Most modern routers support multiple bands simultaneously. For example a router can connect on 2.4 Ghz with some devices band and on 5 Ghz band with other devices at the same time.

Though it will use different wifi generations on different bands. 2.4ghz band will be used only on wifi4 and 6. Whereas 5ghz band will be used with wifi5/6.

2.4Ghz vs 5Ghz

There are differences in performance of different bands as well. The 2.4 Ghz band has longer coverage, means it can reach farther, whereas the 5 Ghz band has shorter coverage, means the signal strength drops faster.

However the 5ghz band can deliver higher throughput due to using wifi 5/6 compared to 2.4

The shorter range of 5 Ghz band results in less interference and allows it to use higher channel widths like 80 Mhz which results in better throughput compared to 2.4 Ghz.

On the other hand The 2.4 Ghz band has more interference, forcing it to operate at lower channel widths (mostly at 20 Mhz) which has lower bandwidth.

Overall it is recommended that you use the 5ghz band whenever possible for least interference and highest throughput. However even with the 5 Ghz band the highest speed will often be determined by the wifi capabilities of the client device (smartphone/laptop/tablet) which are usually slower than the router. We have covered this in a previous article here.

4. MIMO - Multiple Input Multiple Output (Spatial Streams)

MIMO technology uses space division multiplexing to create multiple streams of communication using the same frequency channel. Since these streams use space division multiple-access, they are also called "spatial streams". They have been marked in the MCS chart shown above.

A router might mention how many streams it supports, for example 1, 2 or 3. Using more streams means more signal processing load on the router's cpu. Hence routers with powerful MIMO features need more processing power and more expensive.

MU-MIMO takes this technology a step further, allowing the router to talk to multiple client-devices (like your laptops, smartphones) using multiple spatials streams on same baseband frequency.

With more spatial streams a router (access point) can support more devices without drop in transfer speed. This is why a lot of wifi routers mention the stream count along with an estimate of how many devices it can support simultaneously. For example a 6 stream wifi router can support 25+ devices easily, whereas a 12 stream router is needed to support 50+ devices.

5. Naming Convention (Routers, usb-wifi adapters etc)

Routers from brands like Linksys, TP-Link, Netgear are often named in such a way that the name indicates the wifi technologies and speeds. Here is a table that summarises the same.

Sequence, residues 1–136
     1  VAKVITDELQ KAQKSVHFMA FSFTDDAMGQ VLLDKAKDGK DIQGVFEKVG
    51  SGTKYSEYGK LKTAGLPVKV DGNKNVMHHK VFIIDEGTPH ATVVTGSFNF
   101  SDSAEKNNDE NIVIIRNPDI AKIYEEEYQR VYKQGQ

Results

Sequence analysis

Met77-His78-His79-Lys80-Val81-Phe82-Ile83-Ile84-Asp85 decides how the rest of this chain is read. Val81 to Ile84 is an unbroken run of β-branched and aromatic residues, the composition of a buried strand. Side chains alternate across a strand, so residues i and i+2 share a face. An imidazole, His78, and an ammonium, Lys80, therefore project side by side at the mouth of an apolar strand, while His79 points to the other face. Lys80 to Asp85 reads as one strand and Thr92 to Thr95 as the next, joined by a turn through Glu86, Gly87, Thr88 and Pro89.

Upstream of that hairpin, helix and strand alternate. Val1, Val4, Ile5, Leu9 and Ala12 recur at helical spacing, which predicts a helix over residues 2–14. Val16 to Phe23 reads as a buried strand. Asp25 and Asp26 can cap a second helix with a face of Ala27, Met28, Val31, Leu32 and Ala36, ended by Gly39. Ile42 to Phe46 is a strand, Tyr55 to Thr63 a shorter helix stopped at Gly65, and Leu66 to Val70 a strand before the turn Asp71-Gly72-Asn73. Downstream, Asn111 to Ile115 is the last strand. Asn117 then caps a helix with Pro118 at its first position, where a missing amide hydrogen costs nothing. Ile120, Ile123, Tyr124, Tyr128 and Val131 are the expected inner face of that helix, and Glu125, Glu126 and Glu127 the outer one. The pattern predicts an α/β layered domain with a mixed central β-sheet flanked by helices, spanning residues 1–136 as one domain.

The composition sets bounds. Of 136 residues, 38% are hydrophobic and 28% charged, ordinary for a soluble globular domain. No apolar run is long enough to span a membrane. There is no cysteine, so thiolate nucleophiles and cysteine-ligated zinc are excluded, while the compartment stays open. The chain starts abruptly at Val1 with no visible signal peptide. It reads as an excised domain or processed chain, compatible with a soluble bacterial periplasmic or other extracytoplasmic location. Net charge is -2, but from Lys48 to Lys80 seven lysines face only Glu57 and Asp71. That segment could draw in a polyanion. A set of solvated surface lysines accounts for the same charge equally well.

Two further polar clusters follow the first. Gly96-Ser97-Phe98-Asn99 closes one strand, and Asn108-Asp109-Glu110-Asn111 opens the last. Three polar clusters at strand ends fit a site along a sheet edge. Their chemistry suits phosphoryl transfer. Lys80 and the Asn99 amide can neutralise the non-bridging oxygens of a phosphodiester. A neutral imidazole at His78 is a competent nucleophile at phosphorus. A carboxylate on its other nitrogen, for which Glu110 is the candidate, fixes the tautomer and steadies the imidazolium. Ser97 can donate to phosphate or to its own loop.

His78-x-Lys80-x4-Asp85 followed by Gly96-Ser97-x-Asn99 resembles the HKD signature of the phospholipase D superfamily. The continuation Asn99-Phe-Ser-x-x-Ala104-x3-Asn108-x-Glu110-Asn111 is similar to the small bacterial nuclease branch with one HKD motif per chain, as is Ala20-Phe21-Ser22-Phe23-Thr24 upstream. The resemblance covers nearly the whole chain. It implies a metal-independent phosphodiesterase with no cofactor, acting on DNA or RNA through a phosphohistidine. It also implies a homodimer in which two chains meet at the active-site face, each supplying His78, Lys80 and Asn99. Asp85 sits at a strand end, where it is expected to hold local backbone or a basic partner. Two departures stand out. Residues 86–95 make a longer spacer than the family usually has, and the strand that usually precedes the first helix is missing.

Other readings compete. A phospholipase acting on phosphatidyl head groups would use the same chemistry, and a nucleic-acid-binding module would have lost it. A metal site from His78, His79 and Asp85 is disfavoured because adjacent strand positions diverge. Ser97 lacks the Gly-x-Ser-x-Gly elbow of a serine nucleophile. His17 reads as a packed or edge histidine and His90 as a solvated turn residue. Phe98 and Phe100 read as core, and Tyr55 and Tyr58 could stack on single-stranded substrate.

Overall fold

Name 2.4 GHz 5.0 GHz (First Band) 5.0 GHz (Second Band) Total (mbps)
N150 1x1 = 150 150
N300 2x2 = 300 300
N450 3x3 = 450 450
- - - - -
AC1200 2x2 = 300 2x2 = 866 1166
AC1750 3x3 = 450 3×3 = 1300 1750
AC1900 3x3 = 600 3×3 = 1300 1900
AC2600 4x4 = 800 4×4 = 1733 2533
AC3200 3x3 = 600 3×3 = 1300 3×3 = 1300
AC5300 4x4 = 1000 4×4 = 2166 4×4 = 2166
- - - - -
AX3000 2x2 = 574 2×2 = 2402
AX4300 2x2 = 459 4×4 = 3843
AX5400 2x2 = 574 4×4 = 4804
AX6100 2x2 = 400 2×2 = 2402 4×4 = 4804
AX11000 2x2 = 1148 4×4 = 4804 4×4 = 4804

The 2.4 GHz band speeds are cited for a 40 MHz channel. Because 802.11n (wifi4) can have channel width of upto 40 Mhz only.

The 5 GHz speeds are cited for either an 80 MHz channel for 802.11ac (Wifi 5) or a 160 MHz channel for 802.11ax (Wifi 6). However note that Wifi5 can also work on 160 Mhz channel width, though it is not commonly seen.

6. How is maximum speed calculated - MCS Index

The mcs Index specifies the operating parameters that are used in a wifi connection. It specifies the modulation and coding scheme, the guard interval and few other things. It is important to note that a wifi connection will dynamically switch between different mcs index depending on the operating environment and the signal strength. If the signal strength is good, it will switch to an index with higher speed and vice-versa.

According to mcs data and specs Wifi 5 can reach its maximum limit of 6933 mbps (6.9 gbps) when using 160mhz wide channels and 8 MIMO streams. However such a configuration does not exist in any commercial products like wifi routers.

For instance, most consumer laptops use only 2x2 MIMO (2 spatial streams only) and 80 Mhz wide channels on 5Ghz frequency band, which results in a maximum throughput of 866.7 mbps using MCS-Index-9. This is a reason why you cannot hit speeds of 1 gbps when using 5Ghz wifi5 even when transferring files across devices over lan.

Links and resources


About Silver Moon

A Tech Enthusiast, Blogger, Linux Fan and a Software Developer. Writes about Computer hardware, Linux and Open Source software and coding in Python, Php and Javascript. He can be reached at [email protected].